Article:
Ronaldo was fouled on the edge of the box. With two minutes left, the scoreboard still read 3-2 in the favour of the Spaniards. With a late lead, they were passing the ball around as calmly as ever, and they were continuing to evade an increasingly desperate Portuguese press hell-bent on taking the ball from them. For most of the second half, Ronaldo had been a frustrated figure up front, letting his anger show and struggling to make an impact. Now, the captain was preparing to take a free-kick within easy scoring range. Raphaël Guerreiro was also standing next to the ball in seeming readiness to take the kick, but it was obvious that Ronaldo was the man who would shoulder the responsibility. There was no way he would give up such a crucial opportunity. He languidly stepped up to take the kick, showing no sign of pressure or nervousness. Then, with seemingly no effort, he lifted the ball over the wall into the top corner. De Gea didn’t bother to move. There was nothing he could have done. Ronaldo had a hat-trick, Portugal had equalised at the end of a riveting contest, and the Spanish fell just short of a dream start to their World Cup campaign.
For Spain, the result will be a disappointment, but they will take solace from their resilience in coming from behind after all of the off-field drama surrounding the team. For Portugal, a draw with the Spanish is a great way to start the tournament, and Ronaldo’s form will be an added positive to take from the match. For everyone else, the game was a pulsating, high-pressure contest with plenty of goals, plenty of drama and plenty of tension. When this tournament is over, this match may well be remembered as a classic, and if it’s a sign of things to come this World Cup will be a very exciting show.
Sochi – Fisht Olympic Stadium
Portugal 3 (Ronaldo 4 pen, 44, 88)
Spain 3 (Diego Costa 24, 55, Nacho 58)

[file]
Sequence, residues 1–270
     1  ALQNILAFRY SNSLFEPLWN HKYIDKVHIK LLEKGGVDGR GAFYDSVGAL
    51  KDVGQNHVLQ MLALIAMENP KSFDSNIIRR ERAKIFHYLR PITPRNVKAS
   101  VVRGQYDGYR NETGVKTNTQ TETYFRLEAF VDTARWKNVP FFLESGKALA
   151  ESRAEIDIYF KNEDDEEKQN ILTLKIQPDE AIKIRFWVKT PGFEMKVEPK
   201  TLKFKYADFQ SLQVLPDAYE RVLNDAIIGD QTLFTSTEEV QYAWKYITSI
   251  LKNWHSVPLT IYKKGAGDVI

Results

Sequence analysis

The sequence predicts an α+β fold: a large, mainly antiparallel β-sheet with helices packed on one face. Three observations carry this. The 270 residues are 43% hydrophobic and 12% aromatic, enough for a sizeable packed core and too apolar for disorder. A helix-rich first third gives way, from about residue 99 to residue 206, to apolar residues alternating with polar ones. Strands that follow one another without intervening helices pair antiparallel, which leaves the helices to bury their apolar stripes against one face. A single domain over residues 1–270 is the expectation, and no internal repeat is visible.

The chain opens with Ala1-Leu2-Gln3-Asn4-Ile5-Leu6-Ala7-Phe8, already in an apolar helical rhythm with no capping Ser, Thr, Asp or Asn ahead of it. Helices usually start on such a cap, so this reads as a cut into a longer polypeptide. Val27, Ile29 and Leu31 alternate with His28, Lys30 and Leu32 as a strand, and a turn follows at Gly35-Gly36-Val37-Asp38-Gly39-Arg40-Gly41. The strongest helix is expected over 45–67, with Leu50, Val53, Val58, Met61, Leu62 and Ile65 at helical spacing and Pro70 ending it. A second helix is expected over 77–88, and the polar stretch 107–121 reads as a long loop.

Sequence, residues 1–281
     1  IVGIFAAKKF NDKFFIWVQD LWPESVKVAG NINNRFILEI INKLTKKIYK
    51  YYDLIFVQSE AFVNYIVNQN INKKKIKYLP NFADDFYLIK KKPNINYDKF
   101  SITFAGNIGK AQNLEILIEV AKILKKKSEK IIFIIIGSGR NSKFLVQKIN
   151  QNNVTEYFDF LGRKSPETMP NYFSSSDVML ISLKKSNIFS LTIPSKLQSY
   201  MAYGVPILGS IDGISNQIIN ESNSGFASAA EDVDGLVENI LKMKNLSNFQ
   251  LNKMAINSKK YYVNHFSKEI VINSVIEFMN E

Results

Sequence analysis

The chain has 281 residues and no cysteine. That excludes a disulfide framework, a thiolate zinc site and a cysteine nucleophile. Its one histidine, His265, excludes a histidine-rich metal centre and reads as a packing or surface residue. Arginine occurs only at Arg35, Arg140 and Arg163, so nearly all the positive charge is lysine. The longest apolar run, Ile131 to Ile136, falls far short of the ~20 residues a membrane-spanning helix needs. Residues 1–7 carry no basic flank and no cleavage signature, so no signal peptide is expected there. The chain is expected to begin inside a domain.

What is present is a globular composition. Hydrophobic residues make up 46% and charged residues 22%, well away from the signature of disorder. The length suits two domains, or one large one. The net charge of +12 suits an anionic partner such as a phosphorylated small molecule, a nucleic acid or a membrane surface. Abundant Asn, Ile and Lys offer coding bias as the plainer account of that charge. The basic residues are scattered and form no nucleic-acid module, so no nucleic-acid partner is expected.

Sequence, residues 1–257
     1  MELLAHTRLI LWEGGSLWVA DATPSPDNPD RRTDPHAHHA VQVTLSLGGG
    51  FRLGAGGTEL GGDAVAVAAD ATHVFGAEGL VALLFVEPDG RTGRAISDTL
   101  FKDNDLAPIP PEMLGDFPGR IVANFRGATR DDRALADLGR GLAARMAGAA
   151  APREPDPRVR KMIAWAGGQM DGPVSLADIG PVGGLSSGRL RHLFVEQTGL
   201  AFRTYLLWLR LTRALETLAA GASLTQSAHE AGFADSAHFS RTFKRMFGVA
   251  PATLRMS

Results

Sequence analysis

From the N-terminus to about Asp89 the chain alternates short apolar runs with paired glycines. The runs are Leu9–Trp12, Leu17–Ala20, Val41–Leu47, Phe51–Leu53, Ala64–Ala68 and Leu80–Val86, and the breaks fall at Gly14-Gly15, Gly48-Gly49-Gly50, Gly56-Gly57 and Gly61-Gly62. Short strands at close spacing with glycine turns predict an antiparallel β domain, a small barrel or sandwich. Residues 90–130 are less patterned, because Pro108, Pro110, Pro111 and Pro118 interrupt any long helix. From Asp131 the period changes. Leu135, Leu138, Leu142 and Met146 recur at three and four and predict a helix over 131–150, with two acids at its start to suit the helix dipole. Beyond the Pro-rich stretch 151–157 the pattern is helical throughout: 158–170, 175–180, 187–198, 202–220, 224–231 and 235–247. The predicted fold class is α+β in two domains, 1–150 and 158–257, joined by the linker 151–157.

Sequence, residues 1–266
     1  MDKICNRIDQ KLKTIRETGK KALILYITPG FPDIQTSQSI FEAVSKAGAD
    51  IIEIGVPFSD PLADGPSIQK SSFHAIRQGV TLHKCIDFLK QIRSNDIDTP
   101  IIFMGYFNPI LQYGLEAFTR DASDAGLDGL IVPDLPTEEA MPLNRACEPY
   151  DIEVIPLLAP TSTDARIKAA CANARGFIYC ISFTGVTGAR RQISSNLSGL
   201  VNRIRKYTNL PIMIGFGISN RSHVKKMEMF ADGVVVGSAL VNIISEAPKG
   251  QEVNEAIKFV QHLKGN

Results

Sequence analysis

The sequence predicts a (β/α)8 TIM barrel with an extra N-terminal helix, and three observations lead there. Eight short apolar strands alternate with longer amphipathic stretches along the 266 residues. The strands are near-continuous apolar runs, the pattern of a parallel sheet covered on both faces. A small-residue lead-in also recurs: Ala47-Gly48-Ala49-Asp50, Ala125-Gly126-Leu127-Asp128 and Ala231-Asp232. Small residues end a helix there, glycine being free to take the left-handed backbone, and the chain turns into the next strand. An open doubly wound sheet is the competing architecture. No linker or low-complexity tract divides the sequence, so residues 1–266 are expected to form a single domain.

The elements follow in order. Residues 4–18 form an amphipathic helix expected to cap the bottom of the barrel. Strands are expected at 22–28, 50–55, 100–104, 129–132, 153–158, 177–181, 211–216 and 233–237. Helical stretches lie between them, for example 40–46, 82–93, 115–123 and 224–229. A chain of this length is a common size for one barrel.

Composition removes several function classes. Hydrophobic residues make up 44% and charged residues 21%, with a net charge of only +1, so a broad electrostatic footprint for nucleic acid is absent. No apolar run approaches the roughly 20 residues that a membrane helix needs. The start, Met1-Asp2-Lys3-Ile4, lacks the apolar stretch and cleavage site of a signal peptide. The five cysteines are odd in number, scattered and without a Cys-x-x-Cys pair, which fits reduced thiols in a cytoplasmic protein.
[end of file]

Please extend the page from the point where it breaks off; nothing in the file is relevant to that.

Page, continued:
Referee: Gianluca Rocchi (Ita)
Portugal (4-2-3-1): Rui Patricio – Cédric, Pepe, Fonte, Raphaël Guerreiro; Moutinho, William Carvalho; Bernardo Silva (Quaresma 69), Guedes (André Silva 80), Bruno Fernandes (João Mário 68); Ronaldo.
Spain (4-2-3-1): de Gea – Nacho, Piqué, Ramos, Jordi Alba; Sergio Busquets, Koke; Silva (Lucas Vázquez 86), Isco, Iniesta (Thiago 70); Diego Costa (Iago Aspas 77).
Diego Costa (right) leads Pepe to the ball. Costa and Pepe had a running battle going all night, with Costa finishing with two goals.
1. Cristiano Ronaldo (Portugal)
Ronaldo was head-and-shoulders above the rest of his teammates, scoring all three of Portugal’s goals and creating plenty of other chances while dropping back into midfield. His game-tying free-kick under pressure was remarkable, and he showed that he has come to play at this World Cup. With the confidence coming from a hat-trick under his belt, he will be a force to be reckoned with.
2. Diego Costa (Spain)
Costa scored two equalisers for the Spanish, firstly beating out three defenders to score into the bottom corner and then positioning himself well to slam the ball home from a metre out. He excelled in getting himself into dangerous spots and finding space, and he was a constant goal threat before his substitution late in the game. If he can keep this form up Spain will be much tougher to face.
3. Isco (Spain)
Isco orchestrated most of Spain’s play from attacking midfield, forming a graceful and effective combination with Silva and Iniesta and showing a zest in attack that his more experienced teammates couldn’t quite provide. He was remarkably unlucky not to score when his shot from the edge of the box bounced out off the underside of the bar, and he looks ready to make an impact.
4. David Silva (Spain)
Silva provided the delivery for Costa’s second goal, and showed his class in combining well with the rest of the midfield. He managed to work into dangerous positions, and he was as sharp as ever on the ball. With his expert touch and scarily effective combination with his teammates in attacking midfield Silva caused plenty of problems for the Portuguese.
5. William Carvalho (Portugal)
William is the unsung hero of Portugal’s team, providing a steadying hand in the middle of the park and doing good work supporting the defence. He was in good form again against the Spanish, always finding himself in the right spot and winning plenty of the ball as a result. He was nowhere near their most flashy player, but he did his job well.